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Eight Below

November 22, 2010

Eight Below (2006)
Director: Frank Marshall
Actors: Paul Walker, Bruce Greenwood, Moon Bloodgood

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Synopsis: A group of Antarctic explorers have to suddenly flee the continent, leaving their trusted huskies to fend for themselves. One of the explorers, Jerry Shepard (Paul Walker), resolves to put a mission together to rescue the huskies.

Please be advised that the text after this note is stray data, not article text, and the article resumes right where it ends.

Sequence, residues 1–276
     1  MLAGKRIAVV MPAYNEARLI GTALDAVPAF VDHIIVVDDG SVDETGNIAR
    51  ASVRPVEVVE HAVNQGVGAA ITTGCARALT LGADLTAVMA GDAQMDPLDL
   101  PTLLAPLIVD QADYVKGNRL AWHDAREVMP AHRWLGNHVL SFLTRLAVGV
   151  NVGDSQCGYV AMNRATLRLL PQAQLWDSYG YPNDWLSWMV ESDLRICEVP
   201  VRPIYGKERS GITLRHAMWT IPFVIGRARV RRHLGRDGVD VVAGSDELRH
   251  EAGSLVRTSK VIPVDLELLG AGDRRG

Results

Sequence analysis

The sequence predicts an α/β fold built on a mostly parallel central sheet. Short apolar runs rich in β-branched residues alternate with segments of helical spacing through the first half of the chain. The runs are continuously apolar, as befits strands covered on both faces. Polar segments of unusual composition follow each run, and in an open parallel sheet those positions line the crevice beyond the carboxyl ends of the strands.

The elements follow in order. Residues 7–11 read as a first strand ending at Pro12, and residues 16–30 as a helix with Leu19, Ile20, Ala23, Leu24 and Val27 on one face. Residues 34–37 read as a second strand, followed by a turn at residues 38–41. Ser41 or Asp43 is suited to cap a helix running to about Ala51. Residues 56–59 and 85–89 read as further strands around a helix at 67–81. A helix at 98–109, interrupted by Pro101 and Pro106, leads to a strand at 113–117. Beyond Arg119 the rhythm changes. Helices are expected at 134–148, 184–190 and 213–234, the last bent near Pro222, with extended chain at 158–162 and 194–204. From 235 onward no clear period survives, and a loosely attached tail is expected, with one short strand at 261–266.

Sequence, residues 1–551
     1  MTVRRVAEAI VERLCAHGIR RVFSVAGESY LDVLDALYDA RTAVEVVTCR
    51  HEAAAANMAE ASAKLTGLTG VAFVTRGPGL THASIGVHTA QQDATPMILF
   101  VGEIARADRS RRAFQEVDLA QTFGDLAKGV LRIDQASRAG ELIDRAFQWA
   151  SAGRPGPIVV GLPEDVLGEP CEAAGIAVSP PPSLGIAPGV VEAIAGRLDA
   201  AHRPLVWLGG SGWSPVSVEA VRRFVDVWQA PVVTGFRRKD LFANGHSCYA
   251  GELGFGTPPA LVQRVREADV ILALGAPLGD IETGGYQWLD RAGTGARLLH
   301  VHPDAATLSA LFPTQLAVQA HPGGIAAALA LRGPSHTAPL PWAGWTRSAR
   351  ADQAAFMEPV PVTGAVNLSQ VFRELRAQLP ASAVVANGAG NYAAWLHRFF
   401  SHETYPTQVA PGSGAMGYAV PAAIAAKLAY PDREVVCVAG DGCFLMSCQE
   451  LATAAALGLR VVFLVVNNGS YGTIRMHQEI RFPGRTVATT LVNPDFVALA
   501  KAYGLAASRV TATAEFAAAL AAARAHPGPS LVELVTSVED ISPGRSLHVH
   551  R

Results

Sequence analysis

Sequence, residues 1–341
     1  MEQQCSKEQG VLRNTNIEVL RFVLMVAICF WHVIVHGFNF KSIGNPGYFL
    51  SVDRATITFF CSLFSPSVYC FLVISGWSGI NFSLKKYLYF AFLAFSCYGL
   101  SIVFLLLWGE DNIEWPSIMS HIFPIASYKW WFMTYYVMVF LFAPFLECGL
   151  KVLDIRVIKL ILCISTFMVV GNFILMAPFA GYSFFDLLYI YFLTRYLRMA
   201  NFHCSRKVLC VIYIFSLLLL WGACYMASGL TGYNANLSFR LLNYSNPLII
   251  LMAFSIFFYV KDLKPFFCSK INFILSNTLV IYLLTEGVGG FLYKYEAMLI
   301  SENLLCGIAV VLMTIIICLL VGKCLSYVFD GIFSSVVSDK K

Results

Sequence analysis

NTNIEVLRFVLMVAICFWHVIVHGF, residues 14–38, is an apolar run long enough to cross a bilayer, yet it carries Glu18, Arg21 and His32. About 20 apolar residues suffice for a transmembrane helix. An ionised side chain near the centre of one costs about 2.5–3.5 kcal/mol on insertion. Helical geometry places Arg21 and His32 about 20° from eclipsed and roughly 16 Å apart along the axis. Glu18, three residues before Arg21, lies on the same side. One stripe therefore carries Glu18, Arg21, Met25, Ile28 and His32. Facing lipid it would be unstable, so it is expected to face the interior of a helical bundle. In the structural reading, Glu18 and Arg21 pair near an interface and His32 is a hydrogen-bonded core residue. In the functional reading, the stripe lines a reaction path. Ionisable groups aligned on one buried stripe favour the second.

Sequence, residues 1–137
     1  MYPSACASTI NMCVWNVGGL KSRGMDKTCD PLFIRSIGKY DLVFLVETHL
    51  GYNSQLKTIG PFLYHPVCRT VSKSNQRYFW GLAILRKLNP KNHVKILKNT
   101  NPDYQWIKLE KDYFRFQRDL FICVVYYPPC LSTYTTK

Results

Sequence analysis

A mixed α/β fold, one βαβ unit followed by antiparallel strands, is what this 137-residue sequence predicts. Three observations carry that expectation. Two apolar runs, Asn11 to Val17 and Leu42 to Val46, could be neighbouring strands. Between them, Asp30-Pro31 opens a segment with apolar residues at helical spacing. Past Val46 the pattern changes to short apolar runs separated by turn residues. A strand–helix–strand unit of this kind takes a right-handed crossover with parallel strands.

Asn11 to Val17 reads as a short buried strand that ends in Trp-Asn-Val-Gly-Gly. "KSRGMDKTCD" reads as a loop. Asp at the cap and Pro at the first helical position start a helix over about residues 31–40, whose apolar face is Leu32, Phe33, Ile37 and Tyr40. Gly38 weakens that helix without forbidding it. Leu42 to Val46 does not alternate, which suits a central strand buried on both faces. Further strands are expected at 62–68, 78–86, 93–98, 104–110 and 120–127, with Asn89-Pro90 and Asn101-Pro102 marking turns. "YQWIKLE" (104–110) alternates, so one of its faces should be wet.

Review: Taken that this is a Disney movie centred on a loveable pack of huskies in the Antarctic wasteland, director Frank Marshall actually does a fairly good job of fashioning a narrative that while conforming to the Disney brand of wholesome family entertainment, also throws in enough sage nuggets about human nature to make it a better-than-average kiddies picture. An aspect of the film that Marshall gets entirely right is playing absolutely seriously his narrative about the huskies (the titular “eight below”) getting stranded in Antarctica as the scientists looking after them have to bail out suddenly after a terrible weather system hits. Casting Paul Walker as the terse, almost classically Western lead helps, and his deep empathy for the dogs is eminently believable, and the support characters, even if a little stereotypical – Bruce Greenwood as the initially egotistical scientist, and Jason Biggs as the comedic topographer – help embellish the drama. Even if a few flourishes of cuteness are thrown in for the kids (mainly in anthropomorphising the dogs, and giving their journey a conventionally human curve of sustenance), it’s hard not to be won over by the emotional tow of the film. Perhaps it isn’t Cormac McCarthy in terms of the epic heroicism accorded animals in his literature, but Eight Below in its own soft and sincere way, throws a charming spotlight on ‘man’s best friend’ in the most testing of environments. (November 2010)

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